Rt. Hon. Mark Drakeford MS, First Minister
I attended the 35th meeting of the British-Irish Council virtually on 11 June, which was hosted by the Northern Ireland Executive.
The (now former) First Minister of Northern Ireland, the Rt Hon Arlene Foster MLA, and the deputy First Minister, Michelle O’Neill MLA, chaired the meeting. Other attendees, who attended either in person or virtually, included the Chancellor of the Duchy of Lancaster, the Rt Hon Michael Gove MP; the Secretary of State for Northern Ireland, the Rt Hon Brandon Lewis MP; An Taoiseach, Micheál Martin TD; An Tánaiste, Leo Varadkar TD; Minister for Foreign Affairs and Minister for Defence, Simon Coveney TD; the First Minister of Scotland, the Rt Hon Nicola Sturgeon MSP; and the Chief Ministers of Jersey, Guernsey and the Isle of Man.
It remains a source of disappointment the Prime Minister did not attend the meeting.
The theme of the meeting was priorities for Covid-19 recovery and the Council had a constructive and informative discussion on the topic. We discussed the potentially long-lasting impacts of Covid-19, and reflected on sustainable approaches to recovery.
I highlighted that although cases of Covid-19 in Wales are the lowest in the UK and vaccination rates are the highest, cases are increasing and that the delta variant is spreading across Wales. The evidence suggests the third wave has started in Wales and the immediate challenge is to hold the ground we have gained rather than to add to risks.
Covid-19 has shone a cruel light on our unequal society – the impacts of the pandemic have been felt most strongly in those communities which are least likely to cope. The Wellbeing of Future Generations Act commits us to creating a more equal Wales and it is through this lens, which the recovery must be viewed.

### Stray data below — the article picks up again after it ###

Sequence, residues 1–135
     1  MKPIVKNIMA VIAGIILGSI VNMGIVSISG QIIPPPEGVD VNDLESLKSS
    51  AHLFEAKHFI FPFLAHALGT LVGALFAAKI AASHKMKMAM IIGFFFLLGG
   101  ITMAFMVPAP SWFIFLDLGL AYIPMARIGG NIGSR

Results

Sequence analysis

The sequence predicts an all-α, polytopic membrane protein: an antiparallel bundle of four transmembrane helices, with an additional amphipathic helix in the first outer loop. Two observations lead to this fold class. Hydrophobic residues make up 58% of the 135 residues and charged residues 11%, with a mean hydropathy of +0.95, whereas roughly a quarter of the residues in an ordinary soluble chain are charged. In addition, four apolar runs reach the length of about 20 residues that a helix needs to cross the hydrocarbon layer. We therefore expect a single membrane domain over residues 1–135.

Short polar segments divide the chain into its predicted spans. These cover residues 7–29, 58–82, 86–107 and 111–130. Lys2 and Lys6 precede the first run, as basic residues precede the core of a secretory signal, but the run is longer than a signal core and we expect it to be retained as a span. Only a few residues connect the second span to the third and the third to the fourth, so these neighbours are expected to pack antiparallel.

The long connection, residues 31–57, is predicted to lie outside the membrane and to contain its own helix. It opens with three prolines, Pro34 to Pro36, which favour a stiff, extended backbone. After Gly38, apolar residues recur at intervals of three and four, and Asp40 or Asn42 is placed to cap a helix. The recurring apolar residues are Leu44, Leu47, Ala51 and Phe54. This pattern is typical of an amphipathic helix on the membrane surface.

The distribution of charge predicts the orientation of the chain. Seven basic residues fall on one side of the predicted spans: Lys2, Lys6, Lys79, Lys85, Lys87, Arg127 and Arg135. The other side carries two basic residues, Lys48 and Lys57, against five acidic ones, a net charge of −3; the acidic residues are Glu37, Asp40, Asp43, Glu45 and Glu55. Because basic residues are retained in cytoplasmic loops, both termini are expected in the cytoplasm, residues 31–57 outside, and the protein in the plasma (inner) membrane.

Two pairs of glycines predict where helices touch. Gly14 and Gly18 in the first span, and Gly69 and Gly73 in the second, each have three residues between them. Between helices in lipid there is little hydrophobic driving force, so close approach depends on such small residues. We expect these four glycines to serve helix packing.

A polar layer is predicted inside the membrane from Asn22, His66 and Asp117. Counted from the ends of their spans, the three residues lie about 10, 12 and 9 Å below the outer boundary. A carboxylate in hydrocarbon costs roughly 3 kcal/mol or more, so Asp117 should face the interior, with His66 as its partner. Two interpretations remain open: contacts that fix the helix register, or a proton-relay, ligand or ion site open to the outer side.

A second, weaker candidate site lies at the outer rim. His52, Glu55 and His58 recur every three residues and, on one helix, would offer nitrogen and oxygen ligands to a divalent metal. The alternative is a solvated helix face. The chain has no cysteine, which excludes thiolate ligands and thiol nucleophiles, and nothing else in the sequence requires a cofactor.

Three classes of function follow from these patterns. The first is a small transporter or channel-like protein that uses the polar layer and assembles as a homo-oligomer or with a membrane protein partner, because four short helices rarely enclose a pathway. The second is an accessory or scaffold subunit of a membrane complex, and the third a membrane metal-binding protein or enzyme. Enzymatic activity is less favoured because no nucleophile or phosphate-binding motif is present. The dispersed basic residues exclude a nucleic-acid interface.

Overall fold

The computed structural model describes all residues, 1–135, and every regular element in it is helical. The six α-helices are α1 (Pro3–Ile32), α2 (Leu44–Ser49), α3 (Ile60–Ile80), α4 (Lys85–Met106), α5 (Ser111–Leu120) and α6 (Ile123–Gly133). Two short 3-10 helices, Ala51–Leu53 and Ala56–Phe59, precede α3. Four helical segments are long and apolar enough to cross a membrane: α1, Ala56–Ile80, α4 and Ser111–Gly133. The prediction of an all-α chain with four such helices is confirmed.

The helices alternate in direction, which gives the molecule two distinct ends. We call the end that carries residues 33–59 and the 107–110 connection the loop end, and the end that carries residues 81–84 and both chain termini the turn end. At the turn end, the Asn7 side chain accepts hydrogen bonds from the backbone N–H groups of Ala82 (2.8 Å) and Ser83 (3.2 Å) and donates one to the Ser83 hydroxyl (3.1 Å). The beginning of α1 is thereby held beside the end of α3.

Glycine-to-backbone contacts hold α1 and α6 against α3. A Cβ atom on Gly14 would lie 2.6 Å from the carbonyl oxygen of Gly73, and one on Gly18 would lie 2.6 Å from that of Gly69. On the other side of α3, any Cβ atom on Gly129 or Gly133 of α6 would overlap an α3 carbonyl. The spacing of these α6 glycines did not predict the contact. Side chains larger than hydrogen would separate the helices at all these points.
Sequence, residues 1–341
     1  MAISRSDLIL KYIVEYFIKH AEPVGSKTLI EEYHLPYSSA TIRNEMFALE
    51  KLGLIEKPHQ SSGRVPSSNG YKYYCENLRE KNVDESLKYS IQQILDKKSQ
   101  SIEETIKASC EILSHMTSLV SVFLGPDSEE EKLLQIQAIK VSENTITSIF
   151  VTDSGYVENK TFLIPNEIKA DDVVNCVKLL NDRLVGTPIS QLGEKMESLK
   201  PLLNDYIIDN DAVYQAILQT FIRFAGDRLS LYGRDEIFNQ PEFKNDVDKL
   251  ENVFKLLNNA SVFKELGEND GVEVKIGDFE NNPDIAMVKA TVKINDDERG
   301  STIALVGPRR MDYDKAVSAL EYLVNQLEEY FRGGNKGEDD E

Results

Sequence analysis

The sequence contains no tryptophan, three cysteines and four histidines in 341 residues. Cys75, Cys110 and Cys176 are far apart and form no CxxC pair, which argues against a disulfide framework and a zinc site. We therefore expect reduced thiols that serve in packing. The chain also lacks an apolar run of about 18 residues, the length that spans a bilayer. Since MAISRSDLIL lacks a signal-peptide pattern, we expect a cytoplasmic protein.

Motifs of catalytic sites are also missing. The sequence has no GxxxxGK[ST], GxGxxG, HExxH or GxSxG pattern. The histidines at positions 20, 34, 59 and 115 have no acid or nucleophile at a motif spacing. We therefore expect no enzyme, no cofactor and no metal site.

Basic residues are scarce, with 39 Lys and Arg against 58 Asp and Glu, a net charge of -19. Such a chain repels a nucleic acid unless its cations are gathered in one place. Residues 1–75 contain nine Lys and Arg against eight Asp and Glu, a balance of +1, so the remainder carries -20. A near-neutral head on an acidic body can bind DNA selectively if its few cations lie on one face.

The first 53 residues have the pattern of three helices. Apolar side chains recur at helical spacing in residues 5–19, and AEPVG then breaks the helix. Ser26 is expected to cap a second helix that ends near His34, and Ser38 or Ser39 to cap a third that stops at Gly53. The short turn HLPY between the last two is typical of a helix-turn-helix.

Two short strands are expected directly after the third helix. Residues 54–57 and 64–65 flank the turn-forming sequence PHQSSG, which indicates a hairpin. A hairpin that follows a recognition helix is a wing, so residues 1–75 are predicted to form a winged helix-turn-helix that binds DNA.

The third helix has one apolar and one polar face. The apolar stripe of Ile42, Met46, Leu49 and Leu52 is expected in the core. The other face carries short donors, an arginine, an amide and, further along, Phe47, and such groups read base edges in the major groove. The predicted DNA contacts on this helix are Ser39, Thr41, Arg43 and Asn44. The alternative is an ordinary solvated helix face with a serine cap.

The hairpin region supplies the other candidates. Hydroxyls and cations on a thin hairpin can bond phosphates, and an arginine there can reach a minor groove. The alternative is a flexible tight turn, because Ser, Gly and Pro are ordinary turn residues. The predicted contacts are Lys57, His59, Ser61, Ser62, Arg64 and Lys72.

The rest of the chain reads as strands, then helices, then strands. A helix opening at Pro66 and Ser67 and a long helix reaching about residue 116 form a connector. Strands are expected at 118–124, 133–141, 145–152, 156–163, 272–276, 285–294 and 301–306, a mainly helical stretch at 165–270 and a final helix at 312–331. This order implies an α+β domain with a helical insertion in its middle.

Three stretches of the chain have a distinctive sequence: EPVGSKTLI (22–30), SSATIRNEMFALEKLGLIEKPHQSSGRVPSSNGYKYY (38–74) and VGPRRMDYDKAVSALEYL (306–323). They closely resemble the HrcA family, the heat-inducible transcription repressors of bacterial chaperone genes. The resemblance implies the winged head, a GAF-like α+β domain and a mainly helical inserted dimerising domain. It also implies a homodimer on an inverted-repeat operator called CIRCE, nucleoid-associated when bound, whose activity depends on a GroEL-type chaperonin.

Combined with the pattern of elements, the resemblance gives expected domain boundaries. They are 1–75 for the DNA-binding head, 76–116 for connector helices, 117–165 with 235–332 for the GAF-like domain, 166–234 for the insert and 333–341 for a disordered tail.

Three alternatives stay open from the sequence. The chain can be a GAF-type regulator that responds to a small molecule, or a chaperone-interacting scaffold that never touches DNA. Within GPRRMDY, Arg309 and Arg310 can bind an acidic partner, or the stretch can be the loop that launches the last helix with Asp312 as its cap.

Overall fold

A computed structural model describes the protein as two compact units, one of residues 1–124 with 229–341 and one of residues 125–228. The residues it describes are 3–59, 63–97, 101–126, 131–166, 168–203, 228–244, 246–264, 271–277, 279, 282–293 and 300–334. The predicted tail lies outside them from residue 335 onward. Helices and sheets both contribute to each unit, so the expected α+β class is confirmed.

The discussion on recent political developments included discussion on the EU-UK relationship.
In contributing to the debate, I said that the Welsh Government had a shared statement and action plan for the next five years with the Irish Minister for Foreign Affairs Simon Coveney TD. This shared statement covers six key priority areas of co-operation including climate change, renewable energy and research, and is just one example of collective action. The British-Irish Council offers opportunities for such collective action, to share experience and ideas; and
Collective action continues to be important for tackling climate change, delivering green growth and for recovery from biodiversity loss.
Each Member Administration actively contributed to these valuable and important discussions. A joint Communiqué was issued after the meeting, which is available at:
I thanked the First Minister of Northern Ireland and the Chief Minister of the Isle of Man, who had both announced that they would be stepping down from their respective positions, for their contributions to the British-Irish Council and our work together on shared agendas.
The next Council Summit will be hosted by the Welsh Government.